Saturday, September 9, 2017

The Retro Gamer's Lament.

Guys.  I’m kind of mad and frustrated.  It’s about video games.

You may have heard about the Super NES Classic Edition.  It sold out in record time.  Just like the NES Classic Edition did the year before.  I didn’t try to buy one because I saw it coming and saved myself the effort.  But what I’d like to talk about is the extensive and sometimes ridiculous lengths you sometimes have to go to in order to play older video games.

I’m a bit of a retro gamer myself and I’d like to show you all the various ways I’ve attempted to be able to play retro games.  See picture below.

Crazy, right?  Old hardware and software, after-market consoles, plug-and-play devices, little working collectible arcade cabinets, compilation games and even card reading peripherals.  This doesn’t even show cell phone apps or virtual console downloads.  I’ve tried each of these things and they all have their own significant strengths and flaws.  The plug-and-plays are difficult to store and are limited in what games they carry.  The miniature cabinets and cell phone apps have awkward controls.  The after-market consoles don’t quite get the colors of the visuals right and rely on having working software, which is a problem in itself.  The virtual console downloads are arguably overpriced for a software download of an older game.  And as much as I loved my e-reader and cards back in the Game Boy Advance days, I’ll admit that the whole card scanning gimmick is actually kind of ridiculous.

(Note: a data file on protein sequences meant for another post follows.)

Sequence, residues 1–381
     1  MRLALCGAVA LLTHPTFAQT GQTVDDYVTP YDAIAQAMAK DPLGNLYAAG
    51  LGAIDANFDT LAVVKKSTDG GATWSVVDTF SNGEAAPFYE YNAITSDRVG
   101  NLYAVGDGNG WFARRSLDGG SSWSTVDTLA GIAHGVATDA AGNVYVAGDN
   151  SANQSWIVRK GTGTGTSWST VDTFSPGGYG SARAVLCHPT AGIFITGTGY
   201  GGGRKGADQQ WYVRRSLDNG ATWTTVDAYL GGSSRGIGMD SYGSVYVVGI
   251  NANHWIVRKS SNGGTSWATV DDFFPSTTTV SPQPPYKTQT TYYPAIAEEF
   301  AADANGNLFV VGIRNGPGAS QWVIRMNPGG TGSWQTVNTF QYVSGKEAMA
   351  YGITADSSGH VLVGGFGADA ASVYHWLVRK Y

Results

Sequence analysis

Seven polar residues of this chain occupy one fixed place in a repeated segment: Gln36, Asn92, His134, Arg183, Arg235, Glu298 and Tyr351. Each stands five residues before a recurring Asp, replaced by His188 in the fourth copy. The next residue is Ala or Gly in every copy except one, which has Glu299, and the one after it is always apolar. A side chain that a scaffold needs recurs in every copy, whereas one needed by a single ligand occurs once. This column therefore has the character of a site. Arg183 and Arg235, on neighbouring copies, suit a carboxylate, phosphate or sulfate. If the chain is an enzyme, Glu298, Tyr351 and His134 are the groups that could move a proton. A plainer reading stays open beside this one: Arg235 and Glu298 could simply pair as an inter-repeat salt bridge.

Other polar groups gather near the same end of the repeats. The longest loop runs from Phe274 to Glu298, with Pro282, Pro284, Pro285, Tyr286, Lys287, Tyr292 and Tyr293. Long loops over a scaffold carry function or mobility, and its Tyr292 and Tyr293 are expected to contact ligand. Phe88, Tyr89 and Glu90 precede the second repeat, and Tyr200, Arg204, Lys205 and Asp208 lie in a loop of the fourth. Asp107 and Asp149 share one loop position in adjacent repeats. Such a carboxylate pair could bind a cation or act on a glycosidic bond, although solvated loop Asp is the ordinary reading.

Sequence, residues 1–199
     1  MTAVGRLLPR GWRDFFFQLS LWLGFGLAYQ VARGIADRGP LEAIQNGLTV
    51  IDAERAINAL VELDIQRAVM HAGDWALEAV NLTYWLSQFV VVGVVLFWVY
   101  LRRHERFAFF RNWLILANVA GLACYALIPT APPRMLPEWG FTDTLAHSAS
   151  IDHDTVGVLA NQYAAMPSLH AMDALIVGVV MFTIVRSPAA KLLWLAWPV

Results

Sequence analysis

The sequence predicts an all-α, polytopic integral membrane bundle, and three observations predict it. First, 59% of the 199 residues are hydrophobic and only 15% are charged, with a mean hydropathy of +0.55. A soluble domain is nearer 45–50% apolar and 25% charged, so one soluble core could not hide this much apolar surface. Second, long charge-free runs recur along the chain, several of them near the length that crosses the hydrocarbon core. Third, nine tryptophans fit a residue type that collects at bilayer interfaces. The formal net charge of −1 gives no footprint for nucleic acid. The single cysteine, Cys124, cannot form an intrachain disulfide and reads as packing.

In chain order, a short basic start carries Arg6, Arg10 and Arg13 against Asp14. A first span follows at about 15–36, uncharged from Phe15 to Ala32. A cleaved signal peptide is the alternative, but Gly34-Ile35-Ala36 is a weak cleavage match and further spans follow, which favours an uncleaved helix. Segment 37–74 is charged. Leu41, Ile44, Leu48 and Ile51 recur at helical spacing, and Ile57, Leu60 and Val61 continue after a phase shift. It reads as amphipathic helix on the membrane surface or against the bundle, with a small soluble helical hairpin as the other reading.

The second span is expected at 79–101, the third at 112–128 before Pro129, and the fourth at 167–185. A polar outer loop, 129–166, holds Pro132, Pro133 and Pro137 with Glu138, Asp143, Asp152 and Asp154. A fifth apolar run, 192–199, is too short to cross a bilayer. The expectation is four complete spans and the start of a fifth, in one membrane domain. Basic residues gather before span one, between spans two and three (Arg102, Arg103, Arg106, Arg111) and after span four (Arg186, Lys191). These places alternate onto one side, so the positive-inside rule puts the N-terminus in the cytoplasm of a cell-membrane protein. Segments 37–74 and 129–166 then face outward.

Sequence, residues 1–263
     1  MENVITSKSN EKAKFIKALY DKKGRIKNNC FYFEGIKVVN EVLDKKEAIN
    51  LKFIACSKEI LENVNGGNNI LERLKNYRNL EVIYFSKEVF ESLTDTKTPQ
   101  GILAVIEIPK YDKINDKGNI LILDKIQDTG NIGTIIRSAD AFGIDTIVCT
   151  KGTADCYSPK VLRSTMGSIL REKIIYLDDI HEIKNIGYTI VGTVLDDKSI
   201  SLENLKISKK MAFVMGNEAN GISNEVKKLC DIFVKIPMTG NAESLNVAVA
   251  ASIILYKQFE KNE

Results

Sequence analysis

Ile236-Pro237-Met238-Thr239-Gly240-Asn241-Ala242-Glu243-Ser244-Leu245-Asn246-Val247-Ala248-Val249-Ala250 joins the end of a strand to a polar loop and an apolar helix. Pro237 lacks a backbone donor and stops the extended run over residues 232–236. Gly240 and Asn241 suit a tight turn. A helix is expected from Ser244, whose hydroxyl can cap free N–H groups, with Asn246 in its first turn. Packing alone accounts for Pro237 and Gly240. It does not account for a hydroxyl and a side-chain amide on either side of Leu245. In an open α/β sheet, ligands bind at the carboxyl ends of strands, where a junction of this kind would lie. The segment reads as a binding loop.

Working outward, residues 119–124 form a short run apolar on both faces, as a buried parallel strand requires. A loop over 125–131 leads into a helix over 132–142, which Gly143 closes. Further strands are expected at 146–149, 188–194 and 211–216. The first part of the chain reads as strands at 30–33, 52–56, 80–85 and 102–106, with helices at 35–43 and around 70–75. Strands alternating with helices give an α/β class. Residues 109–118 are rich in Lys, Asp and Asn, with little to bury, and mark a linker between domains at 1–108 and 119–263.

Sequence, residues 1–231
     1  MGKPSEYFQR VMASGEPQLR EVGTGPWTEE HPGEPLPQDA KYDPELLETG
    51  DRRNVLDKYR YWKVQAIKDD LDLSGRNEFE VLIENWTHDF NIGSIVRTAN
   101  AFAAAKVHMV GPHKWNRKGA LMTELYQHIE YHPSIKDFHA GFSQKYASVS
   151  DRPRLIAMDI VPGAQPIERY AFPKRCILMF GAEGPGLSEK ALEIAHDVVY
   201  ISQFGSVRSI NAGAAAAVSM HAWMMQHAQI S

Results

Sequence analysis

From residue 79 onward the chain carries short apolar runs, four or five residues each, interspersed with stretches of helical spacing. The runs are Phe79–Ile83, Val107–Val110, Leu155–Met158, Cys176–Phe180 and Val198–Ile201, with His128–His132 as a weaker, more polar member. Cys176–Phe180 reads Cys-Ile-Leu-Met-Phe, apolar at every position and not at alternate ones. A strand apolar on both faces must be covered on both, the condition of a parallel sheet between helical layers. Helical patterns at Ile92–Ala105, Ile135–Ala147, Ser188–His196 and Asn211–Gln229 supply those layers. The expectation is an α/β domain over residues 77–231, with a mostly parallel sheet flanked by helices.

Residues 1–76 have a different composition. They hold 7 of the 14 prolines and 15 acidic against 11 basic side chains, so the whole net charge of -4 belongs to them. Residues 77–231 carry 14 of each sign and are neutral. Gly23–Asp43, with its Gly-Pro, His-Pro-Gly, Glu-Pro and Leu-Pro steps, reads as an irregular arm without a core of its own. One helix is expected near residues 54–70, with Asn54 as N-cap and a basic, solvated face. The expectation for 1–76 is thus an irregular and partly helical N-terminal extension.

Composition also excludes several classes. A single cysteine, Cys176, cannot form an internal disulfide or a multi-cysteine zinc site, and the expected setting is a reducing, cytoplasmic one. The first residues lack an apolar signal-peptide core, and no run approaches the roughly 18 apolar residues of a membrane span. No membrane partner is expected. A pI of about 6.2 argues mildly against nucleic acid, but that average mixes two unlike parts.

And that doesn’t even cover emulators and roms.  Emulators are probably most people’s first choice for playing retro games.  An emulator is a program that emulates the workings of a video game console on a computer.  To play games on emulators, you need to upload a game’s rom (read-only memory).  Emulators and roms are big in the retro gaming community.  The reasons being that they’re usable on pretty much any modern PC, facilitate the playing of fairly authentic retro games, are easy to get a hold of and also allow for some flexibility in terms of what control scheme you use.  Some people have even been loading emulators onto small computers called Raspberry Pis in order to hook them up to their TVs.  There is a big problem with emulators and roms, though.  Emulators are great pieces of software, completely above board, and some like MAME (the Multiple Arcade Machine Emulator) are devised as a means of preserving and archiving gaming’s past for the future.  Roms on the other hand, are usually only attainable by illegally copying copyrighted video games and distributing them.

So, that’s the deal.  Usually the only ways there are to play retro games is to fiddle around with outdated technology, endure ridiculous gimmicks or break the law!  If you’re breaking federal law in order to play Super Mario Bros., there might be something wrong with this system.